Today, I am announcing the key decisions I will recommend to the president with respect to the fiscal year 2010 defense budget. The president agreed to this unorthodox approach – announcing the department’s request before the White House submits a budget to the Congress – because of the scope and significance of the changes. In addition, the president and I believe that the American people deserve to learn of these recommendations fully and in context, as the proposed changes are interconnected and cannot be properly communicated or understood in isolation from one another. Collectively, they represent a budget crafted to reshape the priorities of America’s defense establishment. If approved, these recommendations will profoundly reform how this department does business.







    http://www.globalsecurity.org/military/library/news/2009/04/dod-speech-090406.htm

    as I just got off work have not got to read this all yet, but felt it could be of value here.
     
  4. BigRob

    BigRob Well-Known Member

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    I agree the F-22 is a legit fighter. The F-35 has a slightly different role and is similar (not as good though) but has been designed to sell to allies as well, since we do not want to sell them the F-22 technology.

    I agree unmanned is not going to happen overnight, but the future will be in unmanned in my opinion and not in airplanes such as the F-22. One major concern of mine as well is our nuclear force. We are faced with an aging force structure and we are banning ourselves from testing new warheads, or even building new warheads, which I think we will need.

    Cyber security is going to be a major problem. However, the best computers in the world will be rendered totally useless by an EMP attack. China is weaponizing EMP today that is non-nuclear. If they have this capability, they could detonate an EMP (or multiple) in space to eliminate our satellite technology, rendering us almost powerless. I think an over-reliance on computers, especially as China pursues that option, is a mistake. I think in this regard we need to establish a declaratory policy that we will view the use of EMP as a nuclear first strike, requiring a full retaliation as such.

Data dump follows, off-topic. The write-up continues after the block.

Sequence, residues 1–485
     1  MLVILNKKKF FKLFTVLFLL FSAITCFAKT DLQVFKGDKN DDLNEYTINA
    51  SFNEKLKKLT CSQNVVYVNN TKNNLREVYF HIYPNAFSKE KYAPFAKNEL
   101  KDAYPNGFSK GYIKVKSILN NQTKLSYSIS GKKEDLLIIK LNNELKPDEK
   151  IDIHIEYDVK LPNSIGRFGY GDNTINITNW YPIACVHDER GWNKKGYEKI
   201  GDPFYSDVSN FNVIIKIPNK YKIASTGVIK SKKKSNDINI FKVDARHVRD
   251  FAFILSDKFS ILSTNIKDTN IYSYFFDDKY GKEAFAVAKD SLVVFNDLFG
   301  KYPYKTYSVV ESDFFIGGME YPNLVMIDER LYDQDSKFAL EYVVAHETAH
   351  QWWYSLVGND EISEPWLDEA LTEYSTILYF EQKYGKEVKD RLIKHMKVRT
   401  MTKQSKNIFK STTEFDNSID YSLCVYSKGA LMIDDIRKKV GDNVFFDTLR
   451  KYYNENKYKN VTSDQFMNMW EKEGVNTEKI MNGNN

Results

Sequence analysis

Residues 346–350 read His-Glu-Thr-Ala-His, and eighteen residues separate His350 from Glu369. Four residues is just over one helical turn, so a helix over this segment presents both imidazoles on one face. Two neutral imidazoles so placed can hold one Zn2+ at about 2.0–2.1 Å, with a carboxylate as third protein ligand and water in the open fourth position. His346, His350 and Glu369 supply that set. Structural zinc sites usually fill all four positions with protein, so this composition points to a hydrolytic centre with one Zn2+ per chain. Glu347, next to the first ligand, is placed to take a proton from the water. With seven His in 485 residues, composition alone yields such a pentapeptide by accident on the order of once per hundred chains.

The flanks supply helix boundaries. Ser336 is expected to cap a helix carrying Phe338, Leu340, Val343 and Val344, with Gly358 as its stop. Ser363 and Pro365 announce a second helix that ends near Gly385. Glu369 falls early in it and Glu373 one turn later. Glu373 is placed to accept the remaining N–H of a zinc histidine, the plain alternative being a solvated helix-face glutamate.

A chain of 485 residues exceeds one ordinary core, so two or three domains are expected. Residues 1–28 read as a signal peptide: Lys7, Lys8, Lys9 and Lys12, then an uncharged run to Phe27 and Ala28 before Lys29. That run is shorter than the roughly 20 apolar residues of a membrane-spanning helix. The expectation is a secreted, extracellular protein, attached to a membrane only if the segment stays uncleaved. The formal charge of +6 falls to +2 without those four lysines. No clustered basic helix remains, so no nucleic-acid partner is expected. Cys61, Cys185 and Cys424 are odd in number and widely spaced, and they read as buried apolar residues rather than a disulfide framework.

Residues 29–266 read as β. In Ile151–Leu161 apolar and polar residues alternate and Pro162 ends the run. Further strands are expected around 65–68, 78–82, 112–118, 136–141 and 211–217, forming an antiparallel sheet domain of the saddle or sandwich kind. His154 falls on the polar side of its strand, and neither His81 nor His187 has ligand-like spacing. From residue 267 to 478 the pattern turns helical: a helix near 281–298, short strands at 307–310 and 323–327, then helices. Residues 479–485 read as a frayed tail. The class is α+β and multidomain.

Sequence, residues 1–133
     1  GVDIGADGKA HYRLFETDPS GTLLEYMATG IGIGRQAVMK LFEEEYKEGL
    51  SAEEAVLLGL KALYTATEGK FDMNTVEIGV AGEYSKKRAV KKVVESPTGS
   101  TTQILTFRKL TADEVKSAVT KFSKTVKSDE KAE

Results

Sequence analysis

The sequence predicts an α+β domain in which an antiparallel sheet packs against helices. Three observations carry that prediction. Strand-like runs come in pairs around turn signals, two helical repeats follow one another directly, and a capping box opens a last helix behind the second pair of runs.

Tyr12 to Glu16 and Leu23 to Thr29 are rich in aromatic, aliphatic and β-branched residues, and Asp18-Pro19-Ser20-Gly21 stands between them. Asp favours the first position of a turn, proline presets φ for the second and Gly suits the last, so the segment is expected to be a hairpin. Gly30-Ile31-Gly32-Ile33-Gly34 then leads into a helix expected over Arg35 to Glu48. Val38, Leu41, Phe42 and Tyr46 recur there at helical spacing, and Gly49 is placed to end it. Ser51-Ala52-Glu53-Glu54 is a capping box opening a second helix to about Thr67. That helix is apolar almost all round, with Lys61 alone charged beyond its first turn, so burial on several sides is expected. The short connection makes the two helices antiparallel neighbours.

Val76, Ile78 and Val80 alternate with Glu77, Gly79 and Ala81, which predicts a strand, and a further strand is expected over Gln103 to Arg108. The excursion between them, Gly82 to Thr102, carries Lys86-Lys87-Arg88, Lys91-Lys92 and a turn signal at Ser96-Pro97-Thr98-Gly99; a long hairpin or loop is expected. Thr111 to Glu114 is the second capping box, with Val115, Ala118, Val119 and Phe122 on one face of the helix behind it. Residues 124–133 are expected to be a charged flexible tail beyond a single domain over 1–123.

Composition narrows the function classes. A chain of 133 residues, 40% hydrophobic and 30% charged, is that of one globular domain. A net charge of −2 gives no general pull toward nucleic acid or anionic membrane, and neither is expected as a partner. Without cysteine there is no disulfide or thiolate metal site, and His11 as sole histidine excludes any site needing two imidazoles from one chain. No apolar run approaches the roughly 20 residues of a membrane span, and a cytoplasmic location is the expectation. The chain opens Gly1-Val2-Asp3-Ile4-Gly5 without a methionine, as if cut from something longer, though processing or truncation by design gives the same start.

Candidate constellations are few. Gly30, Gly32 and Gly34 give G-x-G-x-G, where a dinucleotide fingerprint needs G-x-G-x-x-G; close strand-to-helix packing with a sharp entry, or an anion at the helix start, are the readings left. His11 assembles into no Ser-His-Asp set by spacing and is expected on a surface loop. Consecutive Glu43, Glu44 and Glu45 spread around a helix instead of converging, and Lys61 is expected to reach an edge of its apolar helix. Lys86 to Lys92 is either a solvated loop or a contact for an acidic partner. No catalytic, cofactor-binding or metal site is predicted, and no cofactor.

I do not really buy into the economic dependency theory personally. I would argue that if you look back in history, especially in Europe, economies were often heavily connected and still massive wars still occurred. For example, look at the 30 years war. I would argue before this war, the economies of Europe were as connected as they have been in modern times, and yet massive war still erupted.

    As you point out, we cannot bank on this, and we must prepare for the worst.
     
  5. Bunz

    Bunz New Member

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    In short, keep the F-22. They are the baddest thing flying today, no question. I get to see them routinely. For someone who is an aviation nerd, watching that bird fly is nearly better than girls wearing fur bikinis.

    I had the pleasure of watching this performance firsthand the following day, from the best viewing area along the flightline. I was way more impressed with a single F-22 than the entire Thunderbird Troupe, and I like the T-birds.
     
  6. BigRob

    BigRob Well-Known Member

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    No doubt this plane is unmatched in the sky today. I only question the 187 number. Personally I would push for more, but such is the nature of budgets. I know there is a 'Dear Colleague" going around Congress pushing for the program to continue, but we will have to see how that plays out in the upcoming budget battle.

    In the coming years however, I still think unmanned tops the F-22. The problem I suppose for our future competitors will be the need to eliminate the F-22 before it gets airborne. If you want to classify China as the rising challenge (and I think we should) then the problem needs to be addressed of protecting the staging sites for the F-22. Should we launch an F-22 attack against China, I would predict the Chinese response would not be to go out and dogfight, but rather a massive attack on the launching bases, resulting in a serious problem for the F-22's that are airborne.